In cases where a child’s father has been denied visitation rights by the child’s mother, the unmarried father has the option of filing a "Petition to Establish Paternity" This petition will make it possible for him to request that the Court create a parenting plan to govern parental sharing by both parties. This is likely to result in the Father being awarded timesharing as well as "shared parental responsibility" with the mother. This essentially means that both parties shall have equal rights to access the child's records and determine major decisions in the child's life despite the fact that the mother to the child shall in most cases have more timesharing. As such, it is clear that, in cases where a mother abuses the power given to her under statutory law by not basing their decisions with the child’s best interest in mind, the court will intervene upon the father’s request. The court will thereafter make a decision based on the child’s best interest.
In cases where the mother restricts the father from the time allocated by the court, the father has the right to go back to court to file a motion for contempt or enforcement of the parenting plan or court order that gives him his time with the child in question. The court will thereafter hold the mother in contempt if it finds that she willfully and intentionally defied court orders.
An emergency pick up order can be made for a number of reasons. In cases where a family splits, the issue of time sharing will most often come up. It is important for the parents to come to a sound decision with regards to how they shall continue raising the children despite their split. Emergency pick-up orders are important as a result of a number of controversies that may arise when it comes to time sharing. Emergency pick-up orders are important when a parent refuses to send a child back after the child has been with the other for time sharing and also when a parent has reason to believe that their the child is in some sort of danger while in the care of the other parent and wants the court to help reclaim possession of the child. Despite the fact that the general principle that is applied with regards to pick up orders is the same, there are variations that exist when it comes to couples that were once married and couples that were never married.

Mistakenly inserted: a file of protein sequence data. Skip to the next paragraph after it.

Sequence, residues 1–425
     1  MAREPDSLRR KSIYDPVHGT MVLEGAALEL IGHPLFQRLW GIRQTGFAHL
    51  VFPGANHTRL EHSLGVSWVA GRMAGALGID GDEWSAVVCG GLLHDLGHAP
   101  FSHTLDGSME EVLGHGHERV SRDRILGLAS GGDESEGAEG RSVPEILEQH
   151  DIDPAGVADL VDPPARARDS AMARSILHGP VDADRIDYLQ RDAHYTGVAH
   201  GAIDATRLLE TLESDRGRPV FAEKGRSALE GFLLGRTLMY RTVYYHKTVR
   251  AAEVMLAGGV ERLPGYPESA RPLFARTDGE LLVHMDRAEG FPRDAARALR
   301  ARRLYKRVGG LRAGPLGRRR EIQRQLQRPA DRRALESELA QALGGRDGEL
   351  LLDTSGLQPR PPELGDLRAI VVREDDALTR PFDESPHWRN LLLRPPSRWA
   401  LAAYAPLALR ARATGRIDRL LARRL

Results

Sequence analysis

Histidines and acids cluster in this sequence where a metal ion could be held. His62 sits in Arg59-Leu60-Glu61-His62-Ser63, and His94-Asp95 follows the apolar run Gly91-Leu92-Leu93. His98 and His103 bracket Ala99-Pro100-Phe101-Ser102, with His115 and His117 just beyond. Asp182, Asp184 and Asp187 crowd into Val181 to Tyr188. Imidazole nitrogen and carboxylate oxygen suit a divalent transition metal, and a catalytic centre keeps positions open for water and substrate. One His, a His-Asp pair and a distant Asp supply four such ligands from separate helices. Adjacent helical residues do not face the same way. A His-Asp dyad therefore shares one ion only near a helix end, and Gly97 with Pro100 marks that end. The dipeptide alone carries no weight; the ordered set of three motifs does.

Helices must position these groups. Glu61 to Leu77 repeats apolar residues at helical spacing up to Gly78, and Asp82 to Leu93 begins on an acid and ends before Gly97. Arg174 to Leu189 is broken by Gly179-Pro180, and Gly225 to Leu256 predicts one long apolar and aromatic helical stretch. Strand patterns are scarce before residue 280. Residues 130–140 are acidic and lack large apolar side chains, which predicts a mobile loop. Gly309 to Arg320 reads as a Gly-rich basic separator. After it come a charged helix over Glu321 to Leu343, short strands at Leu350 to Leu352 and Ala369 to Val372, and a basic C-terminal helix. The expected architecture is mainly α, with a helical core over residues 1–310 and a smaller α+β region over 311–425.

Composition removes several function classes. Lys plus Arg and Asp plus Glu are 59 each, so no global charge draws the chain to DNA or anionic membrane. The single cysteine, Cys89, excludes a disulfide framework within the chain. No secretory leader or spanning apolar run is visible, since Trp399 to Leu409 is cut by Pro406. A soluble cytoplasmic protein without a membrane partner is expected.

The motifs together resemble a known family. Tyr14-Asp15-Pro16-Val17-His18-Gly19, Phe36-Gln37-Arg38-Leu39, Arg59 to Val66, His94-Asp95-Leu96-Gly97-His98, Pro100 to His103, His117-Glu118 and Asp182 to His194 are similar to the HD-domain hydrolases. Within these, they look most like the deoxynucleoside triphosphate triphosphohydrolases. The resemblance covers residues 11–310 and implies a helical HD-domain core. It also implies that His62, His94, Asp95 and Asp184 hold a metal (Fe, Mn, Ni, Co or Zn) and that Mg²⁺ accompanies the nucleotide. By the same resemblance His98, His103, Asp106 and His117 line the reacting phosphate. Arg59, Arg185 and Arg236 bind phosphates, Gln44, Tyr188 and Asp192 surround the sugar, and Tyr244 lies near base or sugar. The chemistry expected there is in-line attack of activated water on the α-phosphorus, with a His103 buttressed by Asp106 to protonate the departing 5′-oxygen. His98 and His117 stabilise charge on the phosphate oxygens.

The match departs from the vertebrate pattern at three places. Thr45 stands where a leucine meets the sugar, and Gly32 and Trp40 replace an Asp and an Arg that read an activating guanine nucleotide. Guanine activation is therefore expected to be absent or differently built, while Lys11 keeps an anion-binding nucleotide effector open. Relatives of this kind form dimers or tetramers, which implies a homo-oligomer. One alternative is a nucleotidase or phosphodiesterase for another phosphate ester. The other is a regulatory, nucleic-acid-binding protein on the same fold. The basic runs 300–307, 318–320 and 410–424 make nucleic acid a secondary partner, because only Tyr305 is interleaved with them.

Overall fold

As such, in a case where a parent fails to return the child to the other parent or in a cases where a mother restricts the child’s father from spending the stipulated time with the child, the father of the child will be entitled to file for an emergency pick-up order in court. This order is meant to help a parent claim or reclaim possession of the child and they are limited to specific circumstances. In order for a judge to consent to and sign an emergency pick up order, there has to be an extremely persuasive matter at hand. In normal circumstances, emergency pick-up orders are usually issued in cases where a seriously irreversible circumstance is at hand and therefore the court is obliged to act immediately. The other circumstances are such that when a parent restricts another parent from spending the stipulated time with their child in accordance with their time sharing plan.